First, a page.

Popcorn on a Low-Carb Diet
Following a low-carb diet requires you to drastically reduce your intake of carbohydrate-rich foods, such as fruits, vegetables and grains. On a regular 2,000-calorie diet, you should consume between 225 and 325 g of carbs. Low-carb diets reduce your carbohydrates to 50 to 150 g. Popcorn does contain carbs, but cutting down your portion size can allow you to continue to enjoy this popular snack.
The Popcorn Kernel
Popcorn is a whole grain food made from a particular type of corn kernels. While there are several varieties of corn, only one type, zea mays everta, actually can pop, explains The Popcorn Board. Kernels are composed of three parts: the germ, endosperm and pericarp, or hull. The endosperm is rich in carbohydrates and provides energy to the germ for growth. These parts are protected by the outer pericarp, which is rich in cellulose, a type of fiber.
- Popcorn is a whole grain food made from a particular type of corn kernels.
- These parts are protected by the outer pericarp, which is rich in cellulose, a type of fiber.
Grams of Carbohydrates
Harkins Popcorn Nutrition
Popcorn is a rich source of carbohydrates, but it does provide a small amount of protein as well. MyPyramid.com suggests consuming 3 to 4 oz. or equivalent of grain foods each day. While following a low-carb diet, you might want to cut those servings in half. Since popcorn is so light and airy, a 1 oz. equivalent of popcorn is 3 cups. This serving size has less than 20 g of carbs and about 3 g of protein.
- Popcorn is a rich source of carbohydrates, but it does provide a small amount of protein as well.
- MyPyramid.com suggests consuming 3 to 4 oz.
Types of Carbs
Low-carb diets tend to restrict high-fiber foods from your diet. Most of the carbohydrates in popcorn, about 75 percent, is starch. This type of carb breaks down quickly, giving you energy immediately. The remaining 25 percent of carbohydrates comes from fiber. Popcorn is a good source of insoluble fiber, which stays relatively intact in your gut and helps push through digested food, promoting regularity. In addition, insoluble fiber from popcorn takes longer to chew, allowing your body to register that it is full early on. This can help your weight-loss efforts, since you'll be less likely to overeat. Enjoying a serving of high-fiber popcorn in the afternoon can keep you satisfied until dinner.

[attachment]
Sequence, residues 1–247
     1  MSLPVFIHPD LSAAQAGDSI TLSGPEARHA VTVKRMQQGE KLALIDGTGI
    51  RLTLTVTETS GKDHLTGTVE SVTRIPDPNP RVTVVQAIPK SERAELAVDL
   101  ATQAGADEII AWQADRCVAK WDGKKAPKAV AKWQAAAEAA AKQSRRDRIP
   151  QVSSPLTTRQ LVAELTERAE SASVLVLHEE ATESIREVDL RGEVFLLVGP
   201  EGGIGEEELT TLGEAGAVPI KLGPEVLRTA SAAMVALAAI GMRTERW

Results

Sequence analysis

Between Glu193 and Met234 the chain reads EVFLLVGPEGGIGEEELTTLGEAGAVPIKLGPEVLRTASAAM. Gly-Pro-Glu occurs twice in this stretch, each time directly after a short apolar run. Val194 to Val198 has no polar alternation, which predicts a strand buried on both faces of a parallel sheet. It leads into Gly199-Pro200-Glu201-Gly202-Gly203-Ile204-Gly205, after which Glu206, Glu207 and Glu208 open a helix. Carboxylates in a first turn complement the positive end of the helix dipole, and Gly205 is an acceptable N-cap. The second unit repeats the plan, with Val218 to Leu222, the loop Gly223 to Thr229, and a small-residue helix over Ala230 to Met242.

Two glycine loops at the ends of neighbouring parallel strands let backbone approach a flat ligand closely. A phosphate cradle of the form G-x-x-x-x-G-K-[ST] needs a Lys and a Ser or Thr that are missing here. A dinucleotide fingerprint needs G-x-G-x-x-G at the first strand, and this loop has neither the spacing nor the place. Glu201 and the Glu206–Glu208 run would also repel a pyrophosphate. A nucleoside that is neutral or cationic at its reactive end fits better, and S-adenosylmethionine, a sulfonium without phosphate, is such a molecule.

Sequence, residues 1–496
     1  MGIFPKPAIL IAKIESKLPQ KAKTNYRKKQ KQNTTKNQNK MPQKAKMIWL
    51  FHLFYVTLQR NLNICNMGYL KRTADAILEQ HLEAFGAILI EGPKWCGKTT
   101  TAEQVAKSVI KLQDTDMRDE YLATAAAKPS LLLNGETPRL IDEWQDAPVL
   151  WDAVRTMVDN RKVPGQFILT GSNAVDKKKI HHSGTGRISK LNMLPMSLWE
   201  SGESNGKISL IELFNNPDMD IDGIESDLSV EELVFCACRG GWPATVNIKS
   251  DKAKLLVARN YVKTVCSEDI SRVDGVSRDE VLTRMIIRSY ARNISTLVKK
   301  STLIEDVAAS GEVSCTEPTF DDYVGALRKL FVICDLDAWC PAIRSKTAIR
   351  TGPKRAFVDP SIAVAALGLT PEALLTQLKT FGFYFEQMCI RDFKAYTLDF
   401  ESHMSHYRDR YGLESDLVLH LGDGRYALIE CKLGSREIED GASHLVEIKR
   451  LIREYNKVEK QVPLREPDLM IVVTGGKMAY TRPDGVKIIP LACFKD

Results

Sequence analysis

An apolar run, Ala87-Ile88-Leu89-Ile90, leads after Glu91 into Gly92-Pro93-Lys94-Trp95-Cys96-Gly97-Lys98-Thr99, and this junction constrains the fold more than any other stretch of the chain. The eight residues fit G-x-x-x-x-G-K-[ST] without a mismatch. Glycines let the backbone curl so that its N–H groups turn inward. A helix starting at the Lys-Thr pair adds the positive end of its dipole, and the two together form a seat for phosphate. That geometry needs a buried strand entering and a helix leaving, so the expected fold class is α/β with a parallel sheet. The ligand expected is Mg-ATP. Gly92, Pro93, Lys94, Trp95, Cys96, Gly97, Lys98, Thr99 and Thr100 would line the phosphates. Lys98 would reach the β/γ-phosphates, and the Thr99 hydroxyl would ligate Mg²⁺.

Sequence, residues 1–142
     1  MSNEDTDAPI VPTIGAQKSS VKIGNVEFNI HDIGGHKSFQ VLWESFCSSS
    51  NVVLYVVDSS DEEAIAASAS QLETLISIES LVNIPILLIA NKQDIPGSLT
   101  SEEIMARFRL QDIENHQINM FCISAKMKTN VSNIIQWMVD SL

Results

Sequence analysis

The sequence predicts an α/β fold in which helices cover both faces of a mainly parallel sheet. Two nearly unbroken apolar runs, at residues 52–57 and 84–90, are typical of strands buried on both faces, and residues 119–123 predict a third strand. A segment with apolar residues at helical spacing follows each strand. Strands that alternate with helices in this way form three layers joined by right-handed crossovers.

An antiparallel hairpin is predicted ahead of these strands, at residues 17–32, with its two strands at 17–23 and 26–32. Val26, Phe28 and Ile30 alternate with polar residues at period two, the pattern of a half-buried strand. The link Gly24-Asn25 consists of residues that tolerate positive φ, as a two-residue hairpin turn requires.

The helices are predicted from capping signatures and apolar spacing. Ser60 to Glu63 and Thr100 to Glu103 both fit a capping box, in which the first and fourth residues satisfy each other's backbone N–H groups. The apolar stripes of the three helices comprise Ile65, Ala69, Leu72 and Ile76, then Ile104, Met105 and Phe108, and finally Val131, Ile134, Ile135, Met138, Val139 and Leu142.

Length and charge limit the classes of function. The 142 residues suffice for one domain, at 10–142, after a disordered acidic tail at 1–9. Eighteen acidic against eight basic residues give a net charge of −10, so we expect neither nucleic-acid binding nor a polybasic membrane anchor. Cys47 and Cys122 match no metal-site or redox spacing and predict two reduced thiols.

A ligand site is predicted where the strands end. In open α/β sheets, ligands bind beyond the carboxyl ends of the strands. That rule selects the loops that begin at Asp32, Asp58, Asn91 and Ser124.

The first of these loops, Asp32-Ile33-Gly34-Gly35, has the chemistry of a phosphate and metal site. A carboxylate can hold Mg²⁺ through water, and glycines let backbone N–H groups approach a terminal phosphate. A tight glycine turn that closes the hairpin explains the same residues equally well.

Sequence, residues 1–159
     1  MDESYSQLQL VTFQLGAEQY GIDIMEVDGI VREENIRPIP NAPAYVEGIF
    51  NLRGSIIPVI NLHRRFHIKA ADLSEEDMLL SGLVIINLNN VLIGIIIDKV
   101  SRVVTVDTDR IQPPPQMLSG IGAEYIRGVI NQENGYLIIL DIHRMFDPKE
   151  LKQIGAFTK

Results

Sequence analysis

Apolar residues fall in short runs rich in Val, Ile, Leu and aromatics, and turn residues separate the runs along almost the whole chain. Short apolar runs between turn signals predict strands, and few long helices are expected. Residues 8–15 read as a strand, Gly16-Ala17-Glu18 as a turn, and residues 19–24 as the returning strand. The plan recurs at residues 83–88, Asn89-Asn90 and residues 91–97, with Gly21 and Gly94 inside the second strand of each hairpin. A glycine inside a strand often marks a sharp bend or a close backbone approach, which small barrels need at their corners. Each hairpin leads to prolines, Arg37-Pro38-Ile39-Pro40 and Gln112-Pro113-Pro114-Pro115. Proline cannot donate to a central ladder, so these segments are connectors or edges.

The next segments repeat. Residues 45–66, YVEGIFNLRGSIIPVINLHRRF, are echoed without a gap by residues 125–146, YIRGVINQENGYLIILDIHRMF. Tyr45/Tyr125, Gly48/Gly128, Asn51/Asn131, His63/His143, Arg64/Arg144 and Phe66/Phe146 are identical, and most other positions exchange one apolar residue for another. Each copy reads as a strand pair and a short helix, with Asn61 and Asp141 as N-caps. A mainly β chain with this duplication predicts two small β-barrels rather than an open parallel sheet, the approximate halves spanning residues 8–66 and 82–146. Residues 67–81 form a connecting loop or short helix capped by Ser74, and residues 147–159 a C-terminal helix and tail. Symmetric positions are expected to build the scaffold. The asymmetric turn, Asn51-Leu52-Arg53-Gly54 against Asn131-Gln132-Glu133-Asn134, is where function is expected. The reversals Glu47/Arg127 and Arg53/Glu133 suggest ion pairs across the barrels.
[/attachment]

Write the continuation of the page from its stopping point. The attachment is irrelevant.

- Low-carb diets tend to restrict high-fiber foods from your diet.
- In addition, insoluble fiber from popcorn takes longer to chew, allowing your body to register that it is full early on.
What Starch Is in Popcorn?
Air-popped popcorn is naturally low in fat and calories. Adding butter, oil or other toppings increases your intake of nutrients. Tossing popcorn in these fats does not increase the carbohydrate content, but it can double the amount of calories. A 3 cup serving of air-popped corn has about 1 g of fat, but adding butter or oil can pack on an additional 10 g or more. Keep your low-carb diet on track by snacking on plain air-popped popcorn. For flavor, sprinkle your snack with hot sauce, garlic powder or cinnamon. They add flavor without adding carbs, fat or calories.
- Air-popped popcorn is naturally low in fat and calories.
- A 3 cup serving of air-popped corn has about 1 g of fat, but adding butter or oil can pack on an additional 10 g or more.
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- USDA National Nutrient Database for Standard Reference
- MyPyramid.gov: Grains
- The Popcorn Board: What is Popcorn?
- Marks Daily Apple: The Primal Blueprint Carbohydrate Curve
- Nguyen, V., Cooper, L., Lowndes, J. et al. Popcorn is more satiating than potato chips in normal-weight adults. Nutr J 11, 71 (2012). doi:10.1186/1475-2891-11-71
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- Begley TH, White K, Honigfort P, Twaroski ML, Neches R, Walker RA. Perfluorochemicals: potential sources of and migration from food packaging. Food Addit Contam. 2005;22(10):1023-31. doi:10.1080/02652030500183474
- American College of Allergy, Asthma & Immunology. Corn allergy. Updated March 8, 2019.
- American Chemical Society (ACS). Popcorn: The snack with even higher antioxidants levels than fruits and vegetables. ACS Meeting; San Diego, California; March 25, 2012.
Melodie Anne Coffman specializes in overall wellness, with particular interests in women's health and personal defense. She holds a master's degree in food science and human nutrition and is a certified instructor through the NRA. Coffman is pursuing her personal trainer certification in 2015.